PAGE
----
Campanula rapunculoides L.

3024 (15). C. rapunculoides L., Sp. Pl. ed. 1 (1753) 165; Hayek, Prodr. Fl. Penins. Balc. 2 (1930) 542; Fedorov, Fl. Eur. 4 (1976) 88; Exs. Pl. Bulg. Exicc. №594 - Ряпоподобна камбанка 

Fam:   Campanulaceae Adans
Genus: Campanula L. 
Species: Campanula rapunculoides L.
English Name: Creeping bellflower or Rampion bellflower


Perennial plant. The roots are long, branched, sometimes with cylindrical and rising underground bulges and overhead shoots. Stem (20) 30 - 100 cm high, straight, simple, rarely branched above the middle, naked or scattered to a thick short fiber; hairs 0.3 - 1.3 mm long, protruding and adherent. Basal and the low ones stem leaves ovate, oblong ovoid or broadly lance, 30 - 100 mm long, 20 - 45 mm wide, short scattered to evenly fibrous, large toothed to the tip gradually tapered, basically rounded, with 20 - 90 mm long stems; medium stem leaves oblong ovate or broadly lance, 30 - 85 mm long, 12 - 25 mm wide, sitting down, serrated, scattered to evenly fibrous, sometimes upper surface almost naked; upper stem leaves narrowly lance. Inflorescence simply, racemose, rarely branched. The flowers are unilaterally placed in the bosom of leaves 1 (2) on 2 - 4 mm long stems. The calyx shares linearly lance, 4.5 - 9 mm long, inverted downwards, adherent to the ovary, entire, often on the outer surface, shortly fibrous, with the fruit slightly elongated. The crown is bell-shaped or broadly funnel-shaped, blue violet, 20 - 30 mm long, with a trumpet slightly longer than the wings, with long soft hairs on the inside. The stamens 12 - 16 mm long, with base-extending, silky, fibrous stems. The box 5 - 8 mm long, broadly back conical to almost globular, bare, or scattered to densely short bristle (bristles 0.2 mm), bent downward, at the base with 3 pores. The seeds elliptical, 1.1 - 1.5 mm long, slightly flattened, pale brown, with a narrow, light rim.

From „Флора на Република България”, том XI, БАН, Акад. Изд. „Проф. Марин Дринов”, София, (2013)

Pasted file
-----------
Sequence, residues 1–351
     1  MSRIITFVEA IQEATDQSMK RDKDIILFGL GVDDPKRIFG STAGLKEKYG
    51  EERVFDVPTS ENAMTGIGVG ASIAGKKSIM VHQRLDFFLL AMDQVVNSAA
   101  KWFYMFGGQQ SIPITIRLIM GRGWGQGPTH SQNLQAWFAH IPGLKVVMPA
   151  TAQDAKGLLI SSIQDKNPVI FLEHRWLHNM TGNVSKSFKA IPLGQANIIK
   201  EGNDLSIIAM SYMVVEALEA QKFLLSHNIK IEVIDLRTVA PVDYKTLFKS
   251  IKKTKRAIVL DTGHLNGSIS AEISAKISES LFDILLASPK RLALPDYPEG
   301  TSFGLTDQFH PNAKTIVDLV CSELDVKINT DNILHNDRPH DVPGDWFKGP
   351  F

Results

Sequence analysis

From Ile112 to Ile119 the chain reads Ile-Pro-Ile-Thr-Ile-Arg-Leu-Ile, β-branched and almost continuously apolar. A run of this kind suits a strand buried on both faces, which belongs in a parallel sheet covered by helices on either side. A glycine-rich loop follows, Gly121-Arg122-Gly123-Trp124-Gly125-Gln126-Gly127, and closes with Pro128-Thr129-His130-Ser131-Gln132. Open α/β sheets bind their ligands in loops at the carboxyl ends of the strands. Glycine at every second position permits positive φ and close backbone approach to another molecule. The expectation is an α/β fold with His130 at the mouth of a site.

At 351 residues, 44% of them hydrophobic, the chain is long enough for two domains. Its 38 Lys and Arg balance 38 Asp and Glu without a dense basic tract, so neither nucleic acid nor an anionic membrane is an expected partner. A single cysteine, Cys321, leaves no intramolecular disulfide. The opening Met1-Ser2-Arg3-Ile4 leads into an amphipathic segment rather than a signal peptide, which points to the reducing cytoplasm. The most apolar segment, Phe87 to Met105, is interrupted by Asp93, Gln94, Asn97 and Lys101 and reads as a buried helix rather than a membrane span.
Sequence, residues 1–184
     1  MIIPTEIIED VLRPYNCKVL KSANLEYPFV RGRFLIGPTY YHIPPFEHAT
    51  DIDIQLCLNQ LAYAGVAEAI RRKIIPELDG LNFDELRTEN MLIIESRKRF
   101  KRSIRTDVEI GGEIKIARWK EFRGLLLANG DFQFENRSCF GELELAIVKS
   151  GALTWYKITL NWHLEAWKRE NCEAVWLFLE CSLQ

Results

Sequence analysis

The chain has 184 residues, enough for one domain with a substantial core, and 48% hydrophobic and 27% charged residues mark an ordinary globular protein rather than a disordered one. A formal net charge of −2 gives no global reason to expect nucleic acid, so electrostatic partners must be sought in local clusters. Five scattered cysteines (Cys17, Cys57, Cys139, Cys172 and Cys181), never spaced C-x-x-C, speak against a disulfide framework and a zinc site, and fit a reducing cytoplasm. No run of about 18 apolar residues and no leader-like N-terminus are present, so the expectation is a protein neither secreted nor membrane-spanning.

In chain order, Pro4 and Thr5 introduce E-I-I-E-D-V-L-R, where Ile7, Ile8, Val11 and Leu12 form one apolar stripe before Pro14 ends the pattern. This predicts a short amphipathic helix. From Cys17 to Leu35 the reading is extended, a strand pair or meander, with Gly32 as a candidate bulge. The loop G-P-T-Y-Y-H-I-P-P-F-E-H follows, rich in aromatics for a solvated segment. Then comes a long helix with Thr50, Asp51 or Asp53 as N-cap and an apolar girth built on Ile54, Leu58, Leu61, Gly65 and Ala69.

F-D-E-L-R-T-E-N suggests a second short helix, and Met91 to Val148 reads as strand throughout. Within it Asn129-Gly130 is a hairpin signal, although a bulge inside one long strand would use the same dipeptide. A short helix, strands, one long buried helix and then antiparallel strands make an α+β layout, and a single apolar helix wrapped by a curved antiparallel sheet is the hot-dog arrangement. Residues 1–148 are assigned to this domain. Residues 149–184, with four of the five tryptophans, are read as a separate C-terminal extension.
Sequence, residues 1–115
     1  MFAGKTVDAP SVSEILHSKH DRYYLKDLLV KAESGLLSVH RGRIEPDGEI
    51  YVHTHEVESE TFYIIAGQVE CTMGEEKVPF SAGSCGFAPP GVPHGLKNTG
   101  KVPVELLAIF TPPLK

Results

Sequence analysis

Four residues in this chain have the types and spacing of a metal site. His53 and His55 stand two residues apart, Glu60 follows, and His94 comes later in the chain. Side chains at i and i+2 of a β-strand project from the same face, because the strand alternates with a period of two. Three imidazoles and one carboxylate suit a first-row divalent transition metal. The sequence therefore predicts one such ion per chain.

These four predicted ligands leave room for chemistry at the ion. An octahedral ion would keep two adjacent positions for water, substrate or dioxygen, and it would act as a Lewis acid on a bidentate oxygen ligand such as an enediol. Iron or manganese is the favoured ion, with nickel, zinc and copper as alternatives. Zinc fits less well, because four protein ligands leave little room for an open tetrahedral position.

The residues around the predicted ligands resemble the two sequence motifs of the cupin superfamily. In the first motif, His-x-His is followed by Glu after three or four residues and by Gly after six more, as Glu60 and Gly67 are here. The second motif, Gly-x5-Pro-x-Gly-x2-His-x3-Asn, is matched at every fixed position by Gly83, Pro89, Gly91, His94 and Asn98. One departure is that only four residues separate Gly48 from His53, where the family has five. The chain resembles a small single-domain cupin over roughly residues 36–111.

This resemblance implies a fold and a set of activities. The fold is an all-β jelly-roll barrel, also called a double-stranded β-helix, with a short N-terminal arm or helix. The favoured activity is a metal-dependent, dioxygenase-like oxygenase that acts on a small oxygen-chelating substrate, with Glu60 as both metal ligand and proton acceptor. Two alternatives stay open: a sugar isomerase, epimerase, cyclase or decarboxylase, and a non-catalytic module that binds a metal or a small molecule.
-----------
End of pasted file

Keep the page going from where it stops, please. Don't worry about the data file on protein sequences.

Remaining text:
*   *   *
Campanula rapunculoides, known by the common names creeping bellflower, or rampion bellflower, is a perennial herbaceous plant of the genus Campanula, belonging to the family Campanulaceae.


Campanula rapunculoides reaches on average 30–80 centimetres (12–31 in) of height, with a maximum of 120 centimetres (47 in). The stem is simple, erect and lightly pubescent and the leaves are usually shortly hairy. The basal leaves are triangular, narrow, with a heart-shaped or rounded base, jagged edges and are up to 12 centimetres (4.7 in) long. The upper stem leaves are sessile, lanceolate and shortly stalked.
The inflorescence consists of nodding spikelike racemes with numerous drooping flowers. The flowers are bright blue-violet (rarely white), 2 to 4 cm long, with short petioles standing to one side in the axils of the bracts. The bracts are quite different and smaller than the leaves. The sepals are lanceolate to ovate-lanceolate, entire, wide at the base up to 2.5 mm. The corolla is bell-shaped, with five deep lobes slightly ciliate. The flowering period extends from June through September. The flowers are pollinated by insects (bees, flies, butterflies, etc.) (entomophily). The fruit is a capsule with five pores near the base, where the seeds are spread.
This plant has its overwintering buds situated just below the soil surface (hemicryptophyte). It spreads by underground rhizomes and produces deep, taproot-shaped tubers. Both are white and fleshy. Because any piece of the roots can sprout into a new plant, it is extremely hard to eradicate.


This plant is native to Europe and western Siberia and it has been introduced to North America, where it has become an extremely invasive weed. It chokes out other plants, and eliminating it is nearly impossible due to its multiple propagation mechanisms.


It grows on grassy places, dry hills, meadows, in deciduous and pine forests, woods, fields and roadsides, along railway lines and hedgerows, preferably in partial shade, in dry to moist sites and on clay soils, relatively rich in nitrogen, at an altitude of 0–2,000 metres (0–6,562 ft) above sea level. It also occurs in cultivated fields as a weed.

From Wikipedia, the free encyclopedia

*   *   *

Flowering Time: Blooms: V - VIII, fruitfull: VI - IX.

References: „Флора на Република България”, том XI, БАН, Акад. Изд. „Проф. Марин Дринов”, София, (2013), Wikipedia, the free encyclopedia

Distribution in Bulgaria: Grow in meadows and shrubs, in mixed deciduous and coniferous forests, on grassy and stony silicate terrains, less often on rocky places, on shallow, usually poorly developed soils, limited in the valleys, more often in the foothills and mountains, in communities of Quercus dalechampii, Q. frainetto, Carpinus orientalis, C. betulus, Fagus sylvatica, Pinus sylvestris, P. heldreichii and others. Spread from 200 to 1,900 meters altitude. (Conspectus of the Bulgarian Vascular Flora) = conspectus&gs_l= Zlc.

Distribution: Europe (excluding the Arctic and Islands), Caucasus (Pre-Caucasus), Asia (Iran, Kazakhstan, Western Siberia). Transferred to North America.

Conservation status and threats: not protected species in Bulgaria by the Biodiversity Law. - Biological Diversity Act -

Medical plant: no, it is not - Medicinal Plants Act -

1. 2. 3. 4. 5. 6.


© K.Nanev


© Copy right: K. Nanev© 2012. All rights reserved